• If you are having the same issue as many other people like Ryan said, run the Powershell version of it.
  • If you are using notepad to act as buffer when trying to remove space in thumbprint, make sure you have removed the ASCII symbol at the beginning of thumbprint. As stated from this support article by MS.

Hope this can solve your problem :D

  • Nice troubleshooting instructions!
    – Paul B.
    Commented Nov 26, 2018 at 8:30
  • Import certificate to Local Machine -> Personal works in my case
    – Ivan Chau
    Commented Dec 21, 2022 at 8:13

On a previous answer related to this topic, one of the comments from someone claimed the wmic version of the command didn't work for them on a 2012 R2 machine, but the Powershell equivalent version did work. You might try that. Here's the equivalent Powershell command.

$path = (gwmi -class "Win32_TSGeneralSetting" -Namespace root\cimv2\terminalservices -Filter "TerminalName='RDP-tcp'").__path
swmi -Path $path -argument @{SSLCertificateSHA1Hash="THUMBPRINT"}

Found the command above was not working as anticipated. After typing out the commands manually it worked, not sure what happened but just in case here is what I used

$TSGS = Get-WmiObject -Class "Win32_TSGeneralSetting" -Namespace "root\cimv2\terminalservices"
Set-WmiInstance -Path $TSGS -Arguments @{SSLCertificateSHA1Hash="4adcffbcf35ba044d93108ae2e2c51fa3c3fc983"}
  • I have -Filter "TerminalName='RDP-tcp'" in my script doing Get-WmiObject but it seems to work ok with or without. Commented Sep 8, 2020 at 8:24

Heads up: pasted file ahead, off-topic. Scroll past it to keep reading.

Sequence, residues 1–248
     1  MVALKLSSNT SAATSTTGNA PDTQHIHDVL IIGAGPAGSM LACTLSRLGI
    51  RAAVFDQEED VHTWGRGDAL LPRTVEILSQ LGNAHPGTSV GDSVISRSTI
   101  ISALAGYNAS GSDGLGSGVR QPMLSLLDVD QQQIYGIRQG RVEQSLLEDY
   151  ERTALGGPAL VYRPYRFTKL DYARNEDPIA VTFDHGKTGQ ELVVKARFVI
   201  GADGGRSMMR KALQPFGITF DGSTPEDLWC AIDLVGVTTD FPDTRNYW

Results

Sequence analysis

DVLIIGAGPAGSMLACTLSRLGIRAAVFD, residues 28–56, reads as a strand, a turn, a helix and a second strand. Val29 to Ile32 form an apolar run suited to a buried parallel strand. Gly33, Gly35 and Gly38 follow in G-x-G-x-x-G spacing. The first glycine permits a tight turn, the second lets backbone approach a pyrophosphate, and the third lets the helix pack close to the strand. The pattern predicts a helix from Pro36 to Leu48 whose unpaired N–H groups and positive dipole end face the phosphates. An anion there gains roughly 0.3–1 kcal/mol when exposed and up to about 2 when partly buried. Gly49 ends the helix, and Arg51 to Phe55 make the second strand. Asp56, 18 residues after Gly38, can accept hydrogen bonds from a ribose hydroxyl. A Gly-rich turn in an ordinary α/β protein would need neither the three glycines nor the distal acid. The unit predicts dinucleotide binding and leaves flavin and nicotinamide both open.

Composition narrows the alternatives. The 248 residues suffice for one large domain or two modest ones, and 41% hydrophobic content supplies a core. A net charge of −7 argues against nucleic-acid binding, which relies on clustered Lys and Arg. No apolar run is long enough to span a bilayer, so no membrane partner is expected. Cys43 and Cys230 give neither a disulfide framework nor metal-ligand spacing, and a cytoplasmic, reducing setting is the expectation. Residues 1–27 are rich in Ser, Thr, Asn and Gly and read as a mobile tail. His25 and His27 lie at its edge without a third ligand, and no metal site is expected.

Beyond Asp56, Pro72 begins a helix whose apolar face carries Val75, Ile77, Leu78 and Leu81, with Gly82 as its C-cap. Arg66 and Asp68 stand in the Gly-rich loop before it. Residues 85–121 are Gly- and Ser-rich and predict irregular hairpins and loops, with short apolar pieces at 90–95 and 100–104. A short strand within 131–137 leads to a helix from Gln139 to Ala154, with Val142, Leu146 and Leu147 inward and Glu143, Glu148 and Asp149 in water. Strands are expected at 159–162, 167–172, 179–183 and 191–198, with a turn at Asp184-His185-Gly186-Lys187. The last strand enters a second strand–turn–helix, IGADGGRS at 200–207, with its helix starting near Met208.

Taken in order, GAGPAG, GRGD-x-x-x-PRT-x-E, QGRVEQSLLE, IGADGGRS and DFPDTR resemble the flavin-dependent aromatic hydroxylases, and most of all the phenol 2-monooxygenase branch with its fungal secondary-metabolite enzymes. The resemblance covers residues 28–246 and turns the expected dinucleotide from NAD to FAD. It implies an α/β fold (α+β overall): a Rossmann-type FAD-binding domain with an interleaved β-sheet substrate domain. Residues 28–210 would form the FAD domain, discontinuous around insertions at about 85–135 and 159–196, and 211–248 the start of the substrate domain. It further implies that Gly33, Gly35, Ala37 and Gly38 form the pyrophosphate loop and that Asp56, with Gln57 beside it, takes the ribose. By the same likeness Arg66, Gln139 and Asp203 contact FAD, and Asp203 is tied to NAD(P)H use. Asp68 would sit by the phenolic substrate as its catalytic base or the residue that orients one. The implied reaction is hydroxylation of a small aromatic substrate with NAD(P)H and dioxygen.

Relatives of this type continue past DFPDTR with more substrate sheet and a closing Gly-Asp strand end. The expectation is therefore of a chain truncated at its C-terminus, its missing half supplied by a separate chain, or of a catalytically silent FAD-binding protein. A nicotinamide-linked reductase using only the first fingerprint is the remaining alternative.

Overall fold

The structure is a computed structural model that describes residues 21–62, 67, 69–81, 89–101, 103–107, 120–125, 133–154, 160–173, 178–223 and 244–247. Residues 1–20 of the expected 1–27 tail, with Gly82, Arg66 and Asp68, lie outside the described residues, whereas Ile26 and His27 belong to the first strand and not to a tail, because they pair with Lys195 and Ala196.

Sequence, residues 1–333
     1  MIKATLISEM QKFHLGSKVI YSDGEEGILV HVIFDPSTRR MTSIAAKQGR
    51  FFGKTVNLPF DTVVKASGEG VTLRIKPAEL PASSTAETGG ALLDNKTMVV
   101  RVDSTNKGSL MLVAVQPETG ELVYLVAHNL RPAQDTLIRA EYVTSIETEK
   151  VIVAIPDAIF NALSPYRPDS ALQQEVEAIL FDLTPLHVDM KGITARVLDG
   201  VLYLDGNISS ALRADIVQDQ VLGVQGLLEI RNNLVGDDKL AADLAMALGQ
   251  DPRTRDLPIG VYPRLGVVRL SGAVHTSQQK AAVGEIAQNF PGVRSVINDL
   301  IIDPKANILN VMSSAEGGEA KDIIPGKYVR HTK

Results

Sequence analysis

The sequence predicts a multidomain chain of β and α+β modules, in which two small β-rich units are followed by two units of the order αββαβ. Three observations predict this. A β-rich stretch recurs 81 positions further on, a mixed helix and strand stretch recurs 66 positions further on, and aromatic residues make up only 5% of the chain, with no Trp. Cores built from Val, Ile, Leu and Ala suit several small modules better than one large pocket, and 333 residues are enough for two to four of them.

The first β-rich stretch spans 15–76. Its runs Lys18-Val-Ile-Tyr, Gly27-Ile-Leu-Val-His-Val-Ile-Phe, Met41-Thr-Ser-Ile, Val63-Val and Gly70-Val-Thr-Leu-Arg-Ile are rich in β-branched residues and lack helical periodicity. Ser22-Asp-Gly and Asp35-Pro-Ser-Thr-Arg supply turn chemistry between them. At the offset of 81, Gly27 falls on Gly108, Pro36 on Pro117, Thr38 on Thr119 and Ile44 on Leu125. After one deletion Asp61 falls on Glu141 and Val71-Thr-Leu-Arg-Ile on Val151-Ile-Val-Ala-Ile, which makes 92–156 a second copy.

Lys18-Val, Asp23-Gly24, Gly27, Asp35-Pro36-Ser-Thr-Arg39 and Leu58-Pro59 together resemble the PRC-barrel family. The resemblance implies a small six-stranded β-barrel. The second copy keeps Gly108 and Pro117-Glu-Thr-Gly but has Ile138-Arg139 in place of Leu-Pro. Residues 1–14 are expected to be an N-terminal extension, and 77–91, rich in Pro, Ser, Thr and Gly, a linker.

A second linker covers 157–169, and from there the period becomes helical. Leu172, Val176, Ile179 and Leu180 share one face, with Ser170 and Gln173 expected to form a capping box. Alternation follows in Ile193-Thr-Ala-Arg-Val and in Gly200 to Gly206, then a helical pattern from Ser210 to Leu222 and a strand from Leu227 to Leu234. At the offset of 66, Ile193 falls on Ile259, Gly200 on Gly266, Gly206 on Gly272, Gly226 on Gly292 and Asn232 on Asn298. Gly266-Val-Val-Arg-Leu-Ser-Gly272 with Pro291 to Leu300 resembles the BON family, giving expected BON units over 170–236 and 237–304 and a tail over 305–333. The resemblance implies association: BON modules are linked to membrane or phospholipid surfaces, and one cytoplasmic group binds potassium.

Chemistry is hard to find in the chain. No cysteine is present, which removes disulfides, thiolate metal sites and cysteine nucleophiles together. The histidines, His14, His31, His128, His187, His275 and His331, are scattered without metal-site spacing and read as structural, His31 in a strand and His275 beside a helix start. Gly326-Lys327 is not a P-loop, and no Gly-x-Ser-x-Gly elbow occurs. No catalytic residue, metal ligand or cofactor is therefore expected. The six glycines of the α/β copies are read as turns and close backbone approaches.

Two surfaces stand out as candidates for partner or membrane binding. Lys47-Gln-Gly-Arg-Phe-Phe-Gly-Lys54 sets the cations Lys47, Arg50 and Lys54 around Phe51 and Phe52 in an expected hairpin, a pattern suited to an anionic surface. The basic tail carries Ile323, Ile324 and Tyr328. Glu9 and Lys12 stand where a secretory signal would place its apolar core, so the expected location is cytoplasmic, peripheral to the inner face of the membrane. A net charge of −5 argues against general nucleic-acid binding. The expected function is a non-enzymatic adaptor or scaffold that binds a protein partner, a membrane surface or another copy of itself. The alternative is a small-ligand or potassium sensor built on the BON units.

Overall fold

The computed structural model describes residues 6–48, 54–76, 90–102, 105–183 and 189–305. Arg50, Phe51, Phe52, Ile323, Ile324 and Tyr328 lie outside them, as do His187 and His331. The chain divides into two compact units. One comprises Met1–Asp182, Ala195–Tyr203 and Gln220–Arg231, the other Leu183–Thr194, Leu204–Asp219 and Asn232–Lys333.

Make sure that the certificate you're using has Server Authentication ( set for its enhanced key usage field, otherwise you will get that error.

Create self-signed terminal services certificate and install it

  • Thanks, Legacoid. The cert I was attempting to use was generated with a combination of EasyRSA and OpenSSL; not having this value in the certificate is likely the cause of the issue. I'll investigate further and report back when I get a chance.
    – nhelder
    Commented Aug 5, 2015 at 19:51
  • Hi again, Legacoid - using the details from freenac.net/en/book/export/html/328 , I've updated my OpenSSL configuration to specify that the certificate will be used for Server Authentication. When viewing the resulting certificate's Details tab, "Extended Key Usage" now shows "Server Authentication (". However, the wmic error remains the same. Are there other parameters I should check to assure the certificate is being created in a RDP-friendly way? Thanks in advance.
    – nhelder
    Commented Aug 7, 2015 at 2:59
  • About the only other thing I can think of - and I apologize if it's obvious - is to make sure that your WMI command is executed from a shell with elevated (admin) privileges, i.e. opened as Administrator. And of course make sure that you remembered to import your new certificate into Local Computer\Personal store. Failing that, there's another method you could try: social.technet.microsoft.com/Forums/windowsserver/en-US/… (Look for the later post by Sebastian Bammer)
    – Legacoid
    Commented Aug 7, 2015 at 16:43

I also had this problem, which brought me here. My solution was to double-check that your thumbprint (after you remove the spaces and special leading character) reflects exactly the certificate's thumbprint. I was missing a trailing digit; once added back I received a "Property(s) update successful. Good luck.


When copying a certificate, for some reason there is a hidden character at the beginning. make sure to copy the certificate without the hidden character when going into the certificate properties. If you look at the "invalid Parameter" response of the command and look up at the certificate you tried to put in, you would see a box character at the beginning.